SXSW 2009, night three: Tinted Windows, Superdrag & Graham Coxon

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Tinted Windows: Bun E. Carlos, James Iha, Taylor Hanson, Adam Schlesinger.

All of the highlights on my third night of music in Austin came at a venue called Pangea, which is quite clearly an awful dance club when it isn’t commandeered by SXSW, and they started with a solo set by Britpop hero Graham Coxon.

Though Coxon will always be best known for his partnership with Damon Albarn, with whom he reportedly is about to reunite for another go-round with Blur, the guitarist has been a prolific solo artist, with the sounds on his seven indie albums ranging from aggressive but melodic punk/garage-rock to introspective and skewed folk music echoing Syd Barrett and Nick Drake.

Coxon’s SXSW set leaned heavily on the latter style, and while the boomy dance club sometimes swallowed his quiet material, and he lacks the stage presence of his former mate Albarn (or of Pete Doherty, whom he backed on a new solo album called “Grace/Wastelands”), he persevered and delivered several magical moments for anyone willing to listen.

Much easier to follow was the high-energy power-pop rush of Superdrag, the best Britpop band ever from Knoxville, Tenn. Having compiled a strong and deliriously hook-filled discography between 1992 and 2002, the band went on hiatus the following year, but is now reactivated and supporting another strong release, “Industry Giants.” (The band performs at Metro on April 25.)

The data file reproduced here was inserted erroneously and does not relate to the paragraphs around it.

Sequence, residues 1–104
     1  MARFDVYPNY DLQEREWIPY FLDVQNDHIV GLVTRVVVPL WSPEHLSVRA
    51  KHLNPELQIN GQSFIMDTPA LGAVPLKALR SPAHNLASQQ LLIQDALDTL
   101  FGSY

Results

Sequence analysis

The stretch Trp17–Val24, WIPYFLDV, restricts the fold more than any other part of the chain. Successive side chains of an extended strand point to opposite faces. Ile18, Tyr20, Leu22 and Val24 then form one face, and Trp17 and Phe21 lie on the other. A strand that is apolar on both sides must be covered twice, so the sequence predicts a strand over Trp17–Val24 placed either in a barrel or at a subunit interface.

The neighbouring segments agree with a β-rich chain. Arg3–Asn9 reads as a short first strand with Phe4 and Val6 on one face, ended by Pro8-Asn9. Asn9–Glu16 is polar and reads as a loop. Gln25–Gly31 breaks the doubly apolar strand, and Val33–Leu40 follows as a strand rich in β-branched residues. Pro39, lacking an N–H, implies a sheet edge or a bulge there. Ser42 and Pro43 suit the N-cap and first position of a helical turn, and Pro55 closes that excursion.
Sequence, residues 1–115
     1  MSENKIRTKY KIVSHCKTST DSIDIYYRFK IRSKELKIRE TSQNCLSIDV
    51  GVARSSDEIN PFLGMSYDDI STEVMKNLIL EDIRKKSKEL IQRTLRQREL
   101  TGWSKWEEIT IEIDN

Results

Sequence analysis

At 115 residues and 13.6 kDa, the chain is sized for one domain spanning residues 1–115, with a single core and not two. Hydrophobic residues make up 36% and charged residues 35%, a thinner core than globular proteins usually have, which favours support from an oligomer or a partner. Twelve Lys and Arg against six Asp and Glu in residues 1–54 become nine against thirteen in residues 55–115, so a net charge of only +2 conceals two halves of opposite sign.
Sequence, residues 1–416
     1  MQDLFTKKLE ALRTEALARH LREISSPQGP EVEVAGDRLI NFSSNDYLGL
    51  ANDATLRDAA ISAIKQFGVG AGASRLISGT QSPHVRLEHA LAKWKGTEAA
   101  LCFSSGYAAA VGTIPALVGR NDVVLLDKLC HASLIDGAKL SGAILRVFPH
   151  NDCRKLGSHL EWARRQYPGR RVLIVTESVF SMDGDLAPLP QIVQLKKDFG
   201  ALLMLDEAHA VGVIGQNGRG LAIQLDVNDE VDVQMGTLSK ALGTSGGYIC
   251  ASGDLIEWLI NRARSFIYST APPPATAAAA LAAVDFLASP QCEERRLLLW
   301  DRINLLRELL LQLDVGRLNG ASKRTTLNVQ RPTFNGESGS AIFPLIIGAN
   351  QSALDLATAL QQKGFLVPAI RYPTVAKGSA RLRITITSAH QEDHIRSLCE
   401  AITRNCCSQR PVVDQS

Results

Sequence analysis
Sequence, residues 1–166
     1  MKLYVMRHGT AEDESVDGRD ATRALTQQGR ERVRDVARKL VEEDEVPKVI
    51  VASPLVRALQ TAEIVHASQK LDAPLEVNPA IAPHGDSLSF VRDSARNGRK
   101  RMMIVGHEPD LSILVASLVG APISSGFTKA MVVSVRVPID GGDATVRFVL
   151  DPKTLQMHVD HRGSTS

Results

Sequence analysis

Superdrag’s sugar buzz was undeniable, and it was the perfect appetizer for Tinted Windows, the new supergroup that qualifies as one of the strangest ever assembled, but which also promises to be one of the most artistically successful.

Devoted to classic power-pop jangle with just a hint of bubblegum silliness, the group includes Cheap Trick drummer Bun E. Carlos (always a joy to watch in live performance), Adam Schlesinger of Fountains of Wayne, Taylor Hanson of the early ’90s teen-pop phenoms Hanson and guitarist James Iha, who was performing Tinted Windows’ first high-profile gig just hours after the announcement that his former band mate Jimmy Chamberlin had quit their old band and left Billy Corgan to play in his sand box all alone.

Augmented by an extra guitarist whose identity I didn’t catch, the new group played with bountiful exuberance and ample confidence–hardly a surprise, given all of the combined experience. But you can sample the music for yourself at the band’s Web site,, or catch it live at Double Door on April 30.

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